Students have been finding ways to cheat forever. Before ChatGPT, it was essay factories, and before that, students were copying one-another's work. The tools may have changed, but the impact is broadly the same. It may be another 3 years before tools used to detect the use of generative AI (originality index scores) are accurate enough to be useful. In the meantime, assessments will likely have to change, or educators will need to spend more time manually evaluating whether or not a student wrote their own work; can they recall what they wrote? Is the writing style theirs? Is it clunky? Are the references real? And is the data real?

Many educators are going back to holding exams in the physical classroom, with some even reverting back to using paper tests.

At many institutions, authentic assessment is absolutely encouraged. Some educators are taking a step further, and allowing students to use AI tools, within a clear framework. This however, requires a lot of work, and is very hard to manage when class sizes are large!

There's no single solution, but we'll likely see a lot of change to the way in which we assess students in the next few months.

There are some big benefits of AI that are starting to emerge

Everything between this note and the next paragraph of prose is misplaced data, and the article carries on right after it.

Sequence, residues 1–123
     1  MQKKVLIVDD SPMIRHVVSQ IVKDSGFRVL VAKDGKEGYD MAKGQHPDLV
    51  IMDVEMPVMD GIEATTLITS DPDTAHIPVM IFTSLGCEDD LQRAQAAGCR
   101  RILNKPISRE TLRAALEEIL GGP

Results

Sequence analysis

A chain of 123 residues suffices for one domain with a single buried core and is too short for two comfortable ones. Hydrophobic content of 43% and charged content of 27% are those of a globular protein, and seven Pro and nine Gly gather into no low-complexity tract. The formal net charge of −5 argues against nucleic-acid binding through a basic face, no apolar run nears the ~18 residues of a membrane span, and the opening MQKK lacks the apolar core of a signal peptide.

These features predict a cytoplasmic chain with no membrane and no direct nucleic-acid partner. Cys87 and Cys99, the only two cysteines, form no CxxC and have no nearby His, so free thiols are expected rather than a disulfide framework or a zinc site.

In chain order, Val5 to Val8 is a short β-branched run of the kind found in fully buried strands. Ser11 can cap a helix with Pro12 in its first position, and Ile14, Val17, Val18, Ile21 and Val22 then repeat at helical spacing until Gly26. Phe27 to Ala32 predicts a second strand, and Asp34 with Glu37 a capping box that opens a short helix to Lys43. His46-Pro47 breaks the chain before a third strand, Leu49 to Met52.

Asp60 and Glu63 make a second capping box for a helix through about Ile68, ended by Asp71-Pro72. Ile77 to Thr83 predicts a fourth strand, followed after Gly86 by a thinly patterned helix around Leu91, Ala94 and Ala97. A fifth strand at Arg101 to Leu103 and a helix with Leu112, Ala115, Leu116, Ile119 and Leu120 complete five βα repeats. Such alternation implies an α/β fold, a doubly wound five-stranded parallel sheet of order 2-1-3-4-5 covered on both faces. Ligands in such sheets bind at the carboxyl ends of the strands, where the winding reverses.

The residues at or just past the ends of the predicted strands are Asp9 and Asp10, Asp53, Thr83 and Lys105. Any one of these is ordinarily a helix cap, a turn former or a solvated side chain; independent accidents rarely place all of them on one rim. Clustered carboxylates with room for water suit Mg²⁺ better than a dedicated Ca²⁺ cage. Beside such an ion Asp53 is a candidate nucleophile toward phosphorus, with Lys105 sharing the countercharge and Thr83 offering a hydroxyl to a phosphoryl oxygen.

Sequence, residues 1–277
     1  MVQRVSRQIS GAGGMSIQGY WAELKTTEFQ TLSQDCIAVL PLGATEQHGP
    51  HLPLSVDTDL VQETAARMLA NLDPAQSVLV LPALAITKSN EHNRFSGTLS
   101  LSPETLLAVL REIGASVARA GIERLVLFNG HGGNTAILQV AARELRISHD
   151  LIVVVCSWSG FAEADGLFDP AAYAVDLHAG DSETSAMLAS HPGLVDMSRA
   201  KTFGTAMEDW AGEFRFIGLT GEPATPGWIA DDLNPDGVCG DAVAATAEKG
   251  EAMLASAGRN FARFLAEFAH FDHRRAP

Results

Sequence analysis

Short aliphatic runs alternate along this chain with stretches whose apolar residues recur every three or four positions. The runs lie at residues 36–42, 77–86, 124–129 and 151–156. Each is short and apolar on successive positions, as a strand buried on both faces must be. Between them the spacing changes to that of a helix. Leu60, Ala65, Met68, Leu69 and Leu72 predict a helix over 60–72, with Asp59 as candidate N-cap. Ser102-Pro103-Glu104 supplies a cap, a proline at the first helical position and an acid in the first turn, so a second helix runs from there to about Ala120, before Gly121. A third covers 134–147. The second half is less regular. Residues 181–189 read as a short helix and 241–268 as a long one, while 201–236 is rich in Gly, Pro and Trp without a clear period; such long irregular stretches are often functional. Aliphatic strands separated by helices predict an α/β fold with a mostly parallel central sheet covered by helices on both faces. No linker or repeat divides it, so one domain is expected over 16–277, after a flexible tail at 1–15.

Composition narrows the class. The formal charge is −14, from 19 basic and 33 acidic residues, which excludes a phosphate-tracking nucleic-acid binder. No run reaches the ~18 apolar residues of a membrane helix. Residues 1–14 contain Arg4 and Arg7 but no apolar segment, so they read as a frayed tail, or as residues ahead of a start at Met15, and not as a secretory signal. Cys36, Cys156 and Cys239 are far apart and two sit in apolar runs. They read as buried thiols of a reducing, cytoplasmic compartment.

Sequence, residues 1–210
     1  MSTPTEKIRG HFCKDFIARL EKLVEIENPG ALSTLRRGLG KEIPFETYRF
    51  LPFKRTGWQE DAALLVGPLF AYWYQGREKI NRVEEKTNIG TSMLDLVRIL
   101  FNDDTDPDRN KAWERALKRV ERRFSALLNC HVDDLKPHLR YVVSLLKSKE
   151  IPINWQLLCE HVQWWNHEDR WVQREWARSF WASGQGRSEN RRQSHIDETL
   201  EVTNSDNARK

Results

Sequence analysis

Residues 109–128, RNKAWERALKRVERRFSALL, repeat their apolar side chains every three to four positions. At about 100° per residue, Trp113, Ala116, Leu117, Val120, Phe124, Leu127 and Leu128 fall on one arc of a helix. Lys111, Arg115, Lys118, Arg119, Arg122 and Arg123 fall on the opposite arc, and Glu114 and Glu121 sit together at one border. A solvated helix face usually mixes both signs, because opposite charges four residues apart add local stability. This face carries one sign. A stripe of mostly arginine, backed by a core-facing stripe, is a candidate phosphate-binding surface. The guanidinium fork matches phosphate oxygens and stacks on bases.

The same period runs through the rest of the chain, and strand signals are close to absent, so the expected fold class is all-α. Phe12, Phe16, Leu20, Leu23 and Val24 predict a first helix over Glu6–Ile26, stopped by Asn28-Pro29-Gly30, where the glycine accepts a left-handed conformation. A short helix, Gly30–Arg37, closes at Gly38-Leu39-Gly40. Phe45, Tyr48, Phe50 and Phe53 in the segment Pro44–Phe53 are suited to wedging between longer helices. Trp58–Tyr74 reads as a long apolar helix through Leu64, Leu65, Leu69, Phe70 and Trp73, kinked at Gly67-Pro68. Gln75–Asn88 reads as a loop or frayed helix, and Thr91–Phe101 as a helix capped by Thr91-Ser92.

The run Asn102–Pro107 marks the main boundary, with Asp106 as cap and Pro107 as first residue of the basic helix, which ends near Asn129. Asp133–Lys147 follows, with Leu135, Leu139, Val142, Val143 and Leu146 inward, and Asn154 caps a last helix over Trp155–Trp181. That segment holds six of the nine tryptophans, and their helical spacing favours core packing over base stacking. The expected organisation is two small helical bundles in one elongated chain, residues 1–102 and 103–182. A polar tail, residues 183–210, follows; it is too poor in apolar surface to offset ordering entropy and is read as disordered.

Working with tools like Blended Teaching has allowed some educators to move faster in the classroom. Chat GPT could potentially be used in a similar way to provide individualized feedback to students in a way that isn’t possible to do as a professor with a large group of students. It can help decrease some of the individual workload for educators but while still being authentic and true to students.

These tools are useful for students for whom English is a second language

As educators, we want to know students’ understanding of the concepts, and how well they are able to apply them. But sometimes it can be hard for them to translate that knowledge into a form that's as coherent as what would be created by a native English speaker of the same skill level.

This is where Generative AI can function as a powerful tool for levelling the playing field.

Interesting new teaching methods are emerging too!

A great example is making ChatGPT a student in the class, which appears to be a powerful tool for engaging students. An example that was shared was to have ChatGPT complete an assignment, and then create a discussion in the classroom where students evaluate and critique its work; identifying what they’ve done well, and where there are errors etc.

We need to be careful of biases!

These tools are built on data that’s hidden in a black box. There are countless biases that will exist within these datasets that are entirely unknown. Teaching students how to manage these biases is critically important!

There’s an important issue related to equity to consider

Wealthier students will likely have access to higher quality, or more powerful, AI compared to other students. Better access to tools shouldn’t influence one student’s grades over another's. There’s not a clear answer for how to approach this challenge yet, and it will be an important point to address sooner rather than later!

Many thanks to all of the contributors and panelists. Particular thanks go to Eamonn D'Arcy, Fernanda Antunes, Saul Nurick, and Steve Hood.